Scalp Laceration


  • Anterior border: supraorbital ridges
  • Posterior border: external occipital protuberances
  • Lateral borders: temporalis fascia
  • Five ANATOMIC layers (SCALP mnemonic)
    • The skin (S)
    • The superficial fascia [connective tissue] (C)
    • The galea aponeurotica (A)
    • Loose subaponeurotic areolar connective tissue (L)
    • The periosteum (P)
  • Three SURGICALLY distinct layers
    • Outer layer
      • Skin
      • Superficial fascia
      • Galea
    • Middle layer
      • Loose connective tissue
    • Lower layer
      • Periosteum


  • Vascular supply is rich
    • Wounds can bleed profusely
    • Vessels tend to remain patent
      • Fibrous SQ fascia prevents retraction
    • Patients CAN exsanguinate from a scalp laceration
  • Subgaleal connective tissue vessels drain into cranial venous sinuses
    • Scalp infection can cause
      • Meningitis
      • Brain abscess
      • Osteomyelitis
  • Stellate lacerations are common
    • Blunt trauma is usual injury mechanism
    • Superficial fascia is inelastic, adheres firmly to skin



  • Assess pt completely first
    • ABCs
    • Neuro exam
    • Imaging if needed
      • CT scan
      • Plain films
  • Examine scalp carefully
    • Small lacerations may be missed
    • Wounds may be hidden/ held closed by bloody, matted hair
  • ALWAYS inspect and palpate scalp lacerations
    • Make sure you see the base of the laceration
    • Look for underlying skull fracture
      • If skull fracture - DO NOT close
      • Neurosurgery consult
        • May need operative management
    • Look for debris
      • Can be several centimeters from the laceration
        • Shear injuries disrupt a lot of tissue
  • Check CBC and coagulative factors if wound is large or heavily bleeding



(Note: while the forehead is technically part of the scalp, forehead lacerations should be treated as facial injuries)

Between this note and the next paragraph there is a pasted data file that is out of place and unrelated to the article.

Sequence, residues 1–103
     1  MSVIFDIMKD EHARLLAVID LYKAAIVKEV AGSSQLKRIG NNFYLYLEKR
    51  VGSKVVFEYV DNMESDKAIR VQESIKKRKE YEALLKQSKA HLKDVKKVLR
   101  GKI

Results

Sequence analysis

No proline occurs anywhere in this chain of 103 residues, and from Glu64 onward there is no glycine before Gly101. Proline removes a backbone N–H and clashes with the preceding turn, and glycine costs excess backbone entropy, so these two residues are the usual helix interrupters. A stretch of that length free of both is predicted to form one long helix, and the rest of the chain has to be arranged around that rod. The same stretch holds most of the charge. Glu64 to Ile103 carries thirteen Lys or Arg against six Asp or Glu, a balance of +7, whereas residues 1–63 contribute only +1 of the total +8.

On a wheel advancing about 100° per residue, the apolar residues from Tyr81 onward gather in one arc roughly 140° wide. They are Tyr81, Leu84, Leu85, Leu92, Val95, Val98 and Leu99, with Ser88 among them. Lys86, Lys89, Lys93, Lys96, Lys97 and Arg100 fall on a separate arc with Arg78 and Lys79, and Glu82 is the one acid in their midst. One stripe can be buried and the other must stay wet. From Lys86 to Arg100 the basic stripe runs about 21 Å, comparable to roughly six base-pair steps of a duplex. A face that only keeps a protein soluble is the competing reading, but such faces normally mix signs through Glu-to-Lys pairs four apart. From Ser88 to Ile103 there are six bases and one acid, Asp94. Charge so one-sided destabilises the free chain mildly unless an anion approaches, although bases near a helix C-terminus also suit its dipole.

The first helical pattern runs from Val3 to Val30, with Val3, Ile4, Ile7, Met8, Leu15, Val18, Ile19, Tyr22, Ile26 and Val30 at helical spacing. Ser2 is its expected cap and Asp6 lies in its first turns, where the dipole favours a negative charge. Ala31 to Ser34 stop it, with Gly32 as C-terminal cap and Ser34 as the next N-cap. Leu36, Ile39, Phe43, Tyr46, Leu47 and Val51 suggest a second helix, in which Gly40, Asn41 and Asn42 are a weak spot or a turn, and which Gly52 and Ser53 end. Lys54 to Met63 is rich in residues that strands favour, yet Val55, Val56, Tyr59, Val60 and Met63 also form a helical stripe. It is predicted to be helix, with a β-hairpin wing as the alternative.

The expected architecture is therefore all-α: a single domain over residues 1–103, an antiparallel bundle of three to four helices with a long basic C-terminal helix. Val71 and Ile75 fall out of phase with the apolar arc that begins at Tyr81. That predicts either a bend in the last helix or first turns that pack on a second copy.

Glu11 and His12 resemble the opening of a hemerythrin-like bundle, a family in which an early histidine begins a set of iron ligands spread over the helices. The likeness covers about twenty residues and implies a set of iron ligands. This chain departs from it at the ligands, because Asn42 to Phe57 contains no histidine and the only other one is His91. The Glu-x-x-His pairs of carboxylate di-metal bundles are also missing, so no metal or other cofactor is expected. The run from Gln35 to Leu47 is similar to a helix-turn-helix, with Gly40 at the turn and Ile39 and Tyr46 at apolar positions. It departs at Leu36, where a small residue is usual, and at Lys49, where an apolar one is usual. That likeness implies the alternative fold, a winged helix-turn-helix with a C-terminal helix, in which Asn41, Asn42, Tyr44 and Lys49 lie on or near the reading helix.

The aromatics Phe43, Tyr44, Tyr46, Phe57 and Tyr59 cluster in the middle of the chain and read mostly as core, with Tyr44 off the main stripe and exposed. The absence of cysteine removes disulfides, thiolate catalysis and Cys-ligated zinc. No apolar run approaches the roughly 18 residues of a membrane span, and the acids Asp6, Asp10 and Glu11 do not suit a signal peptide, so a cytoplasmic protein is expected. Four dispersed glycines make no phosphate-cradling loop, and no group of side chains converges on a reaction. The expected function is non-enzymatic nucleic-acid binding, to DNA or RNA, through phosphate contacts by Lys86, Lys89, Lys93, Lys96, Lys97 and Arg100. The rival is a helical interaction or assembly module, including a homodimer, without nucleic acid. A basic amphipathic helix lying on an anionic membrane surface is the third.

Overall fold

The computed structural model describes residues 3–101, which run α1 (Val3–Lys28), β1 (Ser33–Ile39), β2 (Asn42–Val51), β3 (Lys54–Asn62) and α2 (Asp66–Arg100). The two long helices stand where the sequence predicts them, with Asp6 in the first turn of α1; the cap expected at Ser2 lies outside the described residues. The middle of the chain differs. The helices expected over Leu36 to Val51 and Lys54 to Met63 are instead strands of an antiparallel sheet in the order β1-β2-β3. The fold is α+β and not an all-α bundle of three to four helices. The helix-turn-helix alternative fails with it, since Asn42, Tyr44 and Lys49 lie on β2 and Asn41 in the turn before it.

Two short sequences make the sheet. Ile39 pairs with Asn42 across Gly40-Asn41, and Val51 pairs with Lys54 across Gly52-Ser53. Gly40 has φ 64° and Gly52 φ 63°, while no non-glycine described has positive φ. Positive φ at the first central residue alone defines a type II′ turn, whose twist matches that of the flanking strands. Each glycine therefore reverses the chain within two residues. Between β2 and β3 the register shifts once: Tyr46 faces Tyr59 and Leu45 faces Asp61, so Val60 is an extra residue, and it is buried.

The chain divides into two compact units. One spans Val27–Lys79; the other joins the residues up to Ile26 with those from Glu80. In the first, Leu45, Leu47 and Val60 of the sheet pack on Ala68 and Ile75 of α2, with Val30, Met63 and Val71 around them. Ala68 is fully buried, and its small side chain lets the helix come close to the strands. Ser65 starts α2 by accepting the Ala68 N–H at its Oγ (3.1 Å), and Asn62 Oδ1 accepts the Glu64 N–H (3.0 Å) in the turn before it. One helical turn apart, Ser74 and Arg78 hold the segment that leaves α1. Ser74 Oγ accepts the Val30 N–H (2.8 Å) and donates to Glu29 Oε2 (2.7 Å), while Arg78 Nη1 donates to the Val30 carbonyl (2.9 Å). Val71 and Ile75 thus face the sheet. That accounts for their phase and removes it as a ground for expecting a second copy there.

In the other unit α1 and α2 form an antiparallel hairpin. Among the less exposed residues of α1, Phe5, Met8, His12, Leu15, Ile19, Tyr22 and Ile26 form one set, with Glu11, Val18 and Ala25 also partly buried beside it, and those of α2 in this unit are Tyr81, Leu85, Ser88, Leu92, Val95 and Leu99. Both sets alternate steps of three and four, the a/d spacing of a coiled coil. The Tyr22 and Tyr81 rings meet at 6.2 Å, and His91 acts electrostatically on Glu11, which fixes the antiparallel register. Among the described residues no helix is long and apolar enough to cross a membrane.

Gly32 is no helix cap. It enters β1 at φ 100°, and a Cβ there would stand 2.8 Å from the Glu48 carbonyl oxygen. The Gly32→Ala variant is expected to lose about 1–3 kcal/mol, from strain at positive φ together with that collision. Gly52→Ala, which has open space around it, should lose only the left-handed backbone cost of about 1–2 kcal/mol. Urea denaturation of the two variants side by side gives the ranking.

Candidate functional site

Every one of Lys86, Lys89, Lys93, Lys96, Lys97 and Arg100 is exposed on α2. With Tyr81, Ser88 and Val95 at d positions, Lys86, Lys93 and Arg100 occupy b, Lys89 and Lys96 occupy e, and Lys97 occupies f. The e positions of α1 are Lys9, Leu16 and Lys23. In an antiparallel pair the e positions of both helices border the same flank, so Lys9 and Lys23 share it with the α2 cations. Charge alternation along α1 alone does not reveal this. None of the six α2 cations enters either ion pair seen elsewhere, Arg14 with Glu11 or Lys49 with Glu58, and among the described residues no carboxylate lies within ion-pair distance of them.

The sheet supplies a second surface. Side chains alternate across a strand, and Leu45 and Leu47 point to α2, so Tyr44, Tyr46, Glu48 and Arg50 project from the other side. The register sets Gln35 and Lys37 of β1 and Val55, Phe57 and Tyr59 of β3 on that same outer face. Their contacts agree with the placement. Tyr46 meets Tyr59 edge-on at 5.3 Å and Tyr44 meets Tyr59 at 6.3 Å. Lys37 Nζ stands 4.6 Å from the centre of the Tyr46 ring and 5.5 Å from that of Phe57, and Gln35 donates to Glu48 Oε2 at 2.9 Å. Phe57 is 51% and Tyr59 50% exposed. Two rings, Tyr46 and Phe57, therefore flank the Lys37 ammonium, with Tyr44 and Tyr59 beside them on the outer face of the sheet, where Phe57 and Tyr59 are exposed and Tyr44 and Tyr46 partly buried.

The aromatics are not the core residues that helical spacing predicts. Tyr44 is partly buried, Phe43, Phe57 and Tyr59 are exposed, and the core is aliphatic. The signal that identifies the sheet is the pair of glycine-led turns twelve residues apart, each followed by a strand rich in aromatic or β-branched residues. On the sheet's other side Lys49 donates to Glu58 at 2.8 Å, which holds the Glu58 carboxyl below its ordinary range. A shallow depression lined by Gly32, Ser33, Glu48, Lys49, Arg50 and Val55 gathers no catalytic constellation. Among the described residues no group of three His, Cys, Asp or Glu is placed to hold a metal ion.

1. Control bleeding:
    • Local anesthetics with epinephrine
    • Wide (1/2 " or larger) Penrose drain around scalp
      • TIGHT!
      • Go from forehead to occiput
    • If patient needs resuscitation
      • Raney scalp clips can be applied
        • Radiolucent
        • Remove clip later when repairing wound
  2. Anesthetize the wound
    • Scalp block 
  3. Clean the wound gently but thoroughly
    • Irrigate copiously!
      • It's worth the mess
      • High-pressure irrigation is best
  4. Debride conservatively!
    • Remove obviously devitalized tissue
    • Remember - big defects are hard to close
  5. Clip hair far enough away that sutures won't get caught
    • Embedded hairs slow healing
    • EXCEPTION: the forehead hairline
      • Useful landmark for alignment
  6. Closure
    • You DO NOT have to close the periosteum
    • AVOID SQ deep sutures
    • GAPING wounds indicate the galea is disrupted
      • Galea MUST be closed
        • Muscles will pull wound edges apart
        • Sub-galeal hematoma may form
        • Greater chance of infection
        • LOUSY result
      • Close laceration with 3-0 vs. 4.0 nylon/ polypropylene
      • Close in ONE layer
        • Interrupted or vertical mattress sutures
    • NON-GAPING wounds
      • Can be closed with 4-0 vs. 5-0 non-absorbable suture
      • Staples may also be used 
    • Avulsions
      • Even large avulsions can survive
        • Excellent blood supply
      • If attached by tissue bridge: re-attach avulsed area
      • If completely detached
        • Treat as any other amputation
        • Surgery may re-implant with good results
  7. Tetanus if needed



  1. Most simple lacerations with minor head trauma can be discharged home
    • Head injury precautions
    • Good wound care instructions
      • Patients can rinse hair in 24 hrs
    • Antibiotics NOT routinely needed
    • If continued oozing of blood
      • Elastic bandage compression dressing
      • Gauze pads to direct pressure locally
  2. For more significant lacerations/ trauma
    • Disposition depends on associated injuries
  3. Sutures to be removed in 7-10 days